10. David Marjanović says


    Just Усунь, with the usual rendering of n as нь and ng as н. Усуни, as in the title of the Russian Wikipedia article, is the plural for members of the tribe.

    The English one, BTW, contains this gem of complete lack of editing:

    The Wusun are generally believed to have been an Indo-Aryan-speaking people.[48][49][50][51] They are thought to be Iranian-speaking by the archaeologist Elena Kuzmina,[52] linguist János Harmatta,[53] Joseph Kitagawa,[54] David Durand-Guédy,[55] Turkologist Peter B. Golden[56][57] and Central Asian scholar Denis Sinor.[21][58] That the Wusun were Iranian-speakers is supported by archaeological evidence.[59]

    The Russian one starts out by calling them “of Indo-Iranian [6 references] or Turkic [12 references] origin”.

    Then he came back to his notes again in a hurry, having forgotten it all, and strung together all the guesses as if they were footnotes into a semblance of a coherent text.

    That implies a really long pause.

  11. J.W. Brewer says

    The Green’s cite for “bones” meaning “dominoes” is right after it giving another slang sense of “bones” meaning “gambling chips” (with attestations of more than a century ago), which I have never myself heard. Obviously slang meanings can be limited to specific dialects or speech communities and/or they can be completely obsolete in all extant varieties of English but still worth documenting in a reference work.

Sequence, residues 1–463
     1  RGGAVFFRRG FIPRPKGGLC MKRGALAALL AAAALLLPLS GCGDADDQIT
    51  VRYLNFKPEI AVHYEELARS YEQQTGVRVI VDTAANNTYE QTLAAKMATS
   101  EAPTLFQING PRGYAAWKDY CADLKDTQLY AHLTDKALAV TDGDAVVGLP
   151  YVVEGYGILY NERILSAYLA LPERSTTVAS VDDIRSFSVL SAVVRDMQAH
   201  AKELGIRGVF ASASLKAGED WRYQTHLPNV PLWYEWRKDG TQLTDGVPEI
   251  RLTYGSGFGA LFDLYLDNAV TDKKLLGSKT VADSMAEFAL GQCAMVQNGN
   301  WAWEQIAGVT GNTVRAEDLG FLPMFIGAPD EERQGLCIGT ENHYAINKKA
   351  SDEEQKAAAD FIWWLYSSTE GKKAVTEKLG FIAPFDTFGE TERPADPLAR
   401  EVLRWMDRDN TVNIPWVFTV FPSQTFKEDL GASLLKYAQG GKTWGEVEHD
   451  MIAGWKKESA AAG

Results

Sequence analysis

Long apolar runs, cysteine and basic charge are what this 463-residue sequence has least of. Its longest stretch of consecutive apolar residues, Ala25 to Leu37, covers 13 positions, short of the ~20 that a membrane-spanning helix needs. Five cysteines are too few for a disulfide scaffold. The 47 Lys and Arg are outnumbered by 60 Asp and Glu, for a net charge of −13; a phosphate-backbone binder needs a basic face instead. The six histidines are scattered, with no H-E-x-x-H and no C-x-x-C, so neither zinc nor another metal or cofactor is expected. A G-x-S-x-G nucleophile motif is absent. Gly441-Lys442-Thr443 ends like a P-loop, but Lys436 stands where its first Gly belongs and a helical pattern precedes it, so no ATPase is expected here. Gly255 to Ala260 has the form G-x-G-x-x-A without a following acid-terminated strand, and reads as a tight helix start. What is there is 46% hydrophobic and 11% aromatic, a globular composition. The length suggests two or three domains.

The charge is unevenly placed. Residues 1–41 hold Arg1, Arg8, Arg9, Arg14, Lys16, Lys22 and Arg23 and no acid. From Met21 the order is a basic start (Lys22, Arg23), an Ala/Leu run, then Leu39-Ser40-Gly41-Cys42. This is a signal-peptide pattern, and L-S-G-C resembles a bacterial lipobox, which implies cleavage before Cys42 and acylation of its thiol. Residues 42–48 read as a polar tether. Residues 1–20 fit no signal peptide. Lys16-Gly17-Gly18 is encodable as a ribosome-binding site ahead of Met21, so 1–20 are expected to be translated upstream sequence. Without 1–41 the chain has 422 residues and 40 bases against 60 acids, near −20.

12. Just Усунь, with the usual rendering of n as нь and ng as н. Усуни, as in the title of the Russian Wikipedia article, is the plural for members of the tribe.

    Right, but Усуни was the form in the text, which is why I said he was rendering Усуни as “Usuni.”

  13. Vaguely remember that dominoes were called bones in Heart of Darkness, and sure enough, it’s right there on page 2: “The Accountant had brought out already a box of dominoes, and was toying architecturally with the bones.”

  14. David Eddyshaw says

    I wonder if Conrad might have been carrying over a Polish usage?

  15. The cathedral in Almaty is serving as a church again. I assume all those finds are now in the newly built museum of national history.

  16. Those that haven’t been mislaid or tossed over the years…

  17. Jen in Edinburgh says

    The OED’s first quote is from 1897 from something mysteriously called ‘Foster’s Complete Hoyle’, which turns out to be an encyclopedia of games.

    It used the word ‘dominoes’ more often, but also things like ‘Each player draws seven bones.

  18. That’s pretty convincing. Still, I wouldn’t dare use “bones” in the context of that translation; it would certainly be misunderstood by almost everyone.

  19. John Cowan says